The partnership formalizes ongoing efforts between the two companies and will target federal agencies looking to improve operational effectiveness and productivity.
Posted Nov 20, 2002
Siebel Systems and Lockheed Martin have formed a strategic alliance to pursue business opportunities in the federal information technology market.
According to Siebel the partnership formalizes ongoing efforts between the two companies and will target federal agencies looking to improve operational effectiveness and productivity. The terms of the agreement allow Lockheed Martin technical personnel to train and become certified on the implementation of Siebel eGovernment and Siebel Homeland Security applications.
"As our nation faces a disturbing array of security concerns, improved threat detection and information sharing within and among agencies is critical to our national safety," Tom Siebel, chairman and CEO of Siebel Systems, said in a statement. "Our new partnership offers the software functionality, scalability, performance, and federal government expertise needed to meet some of the U.S. government's most-pressing challenges."
Says Arthur Johnson, Lockheed Martin senior vice president of corporate strategic development: "This alliance enables government agencies to leverage [our] complimentary capabilities and expertise.
The companies say the alliance will enable federal agencies to rapidly move toward an eGovernment model, incorporating commercial off-the-shelf technologies to meet the systems requirements of the U.S. military and civil government agencies. According to Siebel, its eGovernment Applications support a broad range of government work processes, including entitlements management, tax and revenue management, enforcement and compliance, healthcare services, logistics management, recruiting, training, education, and homeland security.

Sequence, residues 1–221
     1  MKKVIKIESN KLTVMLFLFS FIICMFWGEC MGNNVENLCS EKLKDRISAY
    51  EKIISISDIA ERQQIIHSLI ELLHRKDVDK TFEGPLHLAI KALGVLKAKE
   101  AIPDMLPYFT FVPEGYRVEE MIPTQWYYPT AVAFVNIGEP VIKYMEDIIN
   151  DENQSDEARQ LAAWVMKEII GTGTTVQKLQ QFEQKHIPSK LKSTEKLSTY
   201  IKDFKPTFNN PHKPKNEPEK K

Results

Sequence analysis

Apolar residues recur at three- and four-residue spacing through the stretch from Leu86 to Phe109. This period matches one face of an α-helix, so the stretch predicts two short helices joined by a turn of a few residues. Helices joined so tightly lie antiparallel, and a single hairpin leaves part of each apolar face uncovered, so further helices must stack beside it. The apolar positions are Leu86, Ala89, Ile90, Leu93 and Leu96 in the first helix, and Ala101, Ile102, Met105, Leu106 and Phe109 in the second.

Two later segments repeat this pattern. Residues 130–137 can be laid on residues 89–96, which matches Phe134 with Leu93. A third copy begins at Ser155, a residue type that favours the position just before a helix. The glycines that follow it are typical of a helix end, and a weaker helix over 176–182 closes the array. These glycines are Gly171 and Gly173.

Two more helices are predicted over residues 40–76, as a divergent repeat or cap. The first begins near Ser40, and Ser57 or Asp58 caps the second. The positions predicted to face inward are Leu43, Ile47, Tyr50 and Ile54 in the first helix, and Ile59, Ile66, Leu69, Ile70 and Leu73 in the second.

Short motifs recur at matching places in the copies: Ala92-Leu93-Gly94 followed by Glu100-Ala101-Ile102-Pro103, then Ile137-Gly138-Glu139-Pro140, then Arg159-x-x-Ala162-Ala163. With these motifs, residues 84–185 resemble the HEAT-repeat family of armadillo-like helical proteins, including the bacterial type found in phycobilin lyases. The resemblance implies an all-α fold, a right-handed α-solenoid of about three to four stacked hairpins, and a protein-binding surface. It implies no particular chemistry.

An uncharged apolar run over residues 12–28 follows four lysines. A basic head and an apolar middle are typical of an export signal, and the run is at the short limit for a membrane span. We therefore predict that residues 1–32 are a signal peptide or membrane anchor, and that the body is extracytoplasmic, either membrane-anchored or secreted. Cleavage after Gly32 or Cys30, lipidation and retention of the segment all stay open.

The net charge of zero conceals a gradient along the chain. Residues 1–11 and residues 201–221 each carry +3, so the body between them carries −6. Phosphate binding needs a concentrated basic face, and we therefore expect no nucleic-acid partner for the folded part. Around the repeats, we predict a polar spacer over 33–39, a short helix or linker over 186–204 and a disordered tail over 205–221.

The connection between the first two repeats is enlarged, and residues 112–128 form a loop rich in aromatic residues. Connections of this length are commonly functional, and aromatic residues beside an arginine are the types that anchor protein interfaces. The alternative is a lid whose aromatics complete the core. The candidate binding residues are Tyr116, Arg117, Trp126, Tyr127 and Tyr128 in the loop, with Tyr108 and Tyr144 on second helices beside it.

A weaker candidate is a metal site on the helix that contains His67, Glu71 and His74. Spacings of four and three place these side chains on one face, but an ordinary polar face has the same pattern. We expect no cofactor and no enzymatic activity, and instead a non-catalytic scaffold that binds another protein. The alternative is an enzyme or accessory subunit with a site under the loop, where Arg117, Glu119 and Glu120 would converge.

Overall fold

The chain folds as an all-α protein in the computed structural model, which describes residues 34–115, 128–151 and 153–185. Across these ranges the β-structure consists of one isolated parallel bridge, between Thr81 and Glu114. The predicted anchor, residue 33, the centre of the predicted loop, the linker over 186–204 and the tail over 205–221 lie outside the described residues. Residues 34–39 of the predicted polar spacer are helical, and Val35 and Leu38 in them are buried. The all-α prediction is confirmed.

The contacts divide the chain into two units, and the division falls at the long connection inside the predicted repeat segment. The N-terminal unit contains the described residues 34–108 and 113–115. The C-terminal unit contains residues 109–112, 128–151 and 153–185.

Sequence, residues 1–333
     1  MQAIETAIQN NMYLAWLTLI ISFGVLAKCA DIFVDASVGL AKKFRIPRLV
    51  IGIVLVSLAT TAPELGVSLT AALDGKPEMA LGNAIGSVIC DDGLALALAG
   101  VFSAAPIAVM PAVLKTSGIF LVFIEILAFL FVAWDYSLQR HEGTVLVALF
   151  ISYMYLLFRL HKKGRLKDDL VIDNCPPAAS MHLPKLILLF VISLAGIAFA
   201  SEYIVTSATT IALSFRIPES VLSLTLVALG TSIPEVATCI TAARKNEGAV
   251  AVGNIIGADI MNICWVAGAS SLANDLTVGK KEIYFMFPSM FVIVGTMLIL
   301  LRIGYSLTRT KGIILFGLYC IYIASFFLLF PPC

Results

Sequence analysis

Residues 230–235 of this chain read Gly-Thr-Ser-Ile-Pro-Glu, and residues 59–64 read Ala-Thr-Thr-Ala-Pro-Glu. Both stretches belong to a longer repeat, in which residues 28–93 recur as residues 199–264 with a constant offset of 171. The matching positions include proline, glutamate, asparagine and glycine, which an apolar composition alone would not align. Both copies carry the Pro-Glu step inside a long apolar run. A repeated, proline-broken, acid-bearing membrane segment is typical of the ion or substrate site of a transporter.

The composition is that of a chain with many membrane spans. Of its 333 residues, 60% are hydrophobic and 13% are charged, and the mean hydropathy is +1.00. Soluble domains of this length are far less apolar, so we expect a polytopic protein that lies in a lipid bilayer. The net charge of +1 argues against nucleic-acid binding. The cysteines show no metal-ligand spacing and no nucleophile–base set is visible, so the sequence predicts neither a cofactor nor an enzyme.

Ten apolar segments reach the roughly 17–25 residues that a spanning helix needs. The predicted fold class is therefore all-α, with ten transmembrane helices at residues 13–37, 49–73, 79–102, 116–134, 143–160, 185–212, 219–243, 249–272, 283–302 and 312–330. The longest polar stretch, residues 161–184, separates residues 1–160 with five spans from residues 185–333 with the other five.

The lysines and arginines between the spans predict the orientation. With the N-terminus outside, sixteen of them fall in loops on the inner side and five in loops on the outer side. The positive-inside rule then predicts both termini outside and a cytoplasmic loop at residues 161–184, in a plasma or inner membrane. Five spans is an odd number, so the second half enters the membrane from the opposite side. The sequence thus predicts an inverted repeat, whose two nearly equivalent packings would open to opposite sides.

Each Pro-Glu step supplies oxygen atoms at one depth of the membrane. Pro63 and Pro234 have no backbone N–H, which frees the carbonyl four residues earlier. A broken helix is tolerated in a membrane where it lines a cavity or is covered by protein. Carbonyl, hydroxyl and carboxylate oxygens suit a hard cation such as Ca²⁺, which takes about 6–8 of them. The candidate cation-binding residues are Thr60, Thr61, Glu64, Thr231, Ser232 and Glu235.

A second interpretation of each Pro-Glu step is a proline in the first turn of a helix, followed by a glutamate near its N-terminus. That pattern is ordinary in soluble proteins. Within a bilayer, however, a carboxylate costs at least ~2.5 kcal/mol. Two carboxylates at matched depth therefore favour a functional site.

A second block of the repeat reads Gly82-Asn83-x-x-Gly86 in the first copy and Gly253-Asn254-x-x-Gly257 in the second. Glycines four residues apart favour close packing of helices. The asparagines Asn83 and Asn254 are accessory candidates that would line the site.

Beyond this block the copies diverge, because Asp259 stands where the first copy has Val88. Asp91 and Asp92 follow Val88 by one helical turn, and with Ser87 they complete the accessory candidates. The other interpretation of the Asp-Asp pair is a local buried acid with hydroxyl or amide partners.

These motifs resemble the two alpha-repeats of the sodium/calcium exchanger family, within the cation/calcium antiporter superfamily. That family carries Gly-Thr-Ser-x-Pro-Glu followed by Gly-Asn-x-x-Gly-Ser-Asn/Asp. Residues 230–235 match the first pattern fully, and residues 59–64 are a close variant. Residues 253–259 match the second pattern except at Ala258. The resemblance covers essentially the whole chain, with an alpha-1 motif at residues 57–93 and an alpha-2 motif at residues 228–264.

Erin Kinikin, vice president and research leader of enterprise applications at Giga Information group, says that although Siebel's choice to align with Lockheed Martin is strategically sound, it does not necessarily guarantee that Siebel will be able to dominate the government sector. "The entry into the government sector has always been through the big systems integrators who know how to work the system and are on the right 'lists' of approved vendors," Kinikin says. "It's not just getting your product on the General Services Administration schedule, it's also having consulting resources who understand government processes and have the appropriate levels of security clearance--in sufficient number to handle a large implementation. Lockheed understands government and their issues, and can deliver on the scale that government requires.
"What Lockheed has to do is accelerate Siebel's understanding of government beyond high-level contact management and entitlement checking," Kinikin adds. "The real question is whether Siebel can provide what governments need--scalable Web self-service implementations, deep-transaction integration, and the ability to deal with huge amounts of documents, images and other content, not just data .The partnership with Lockheed is a good step for Siebel, but it's not the only step by any means."
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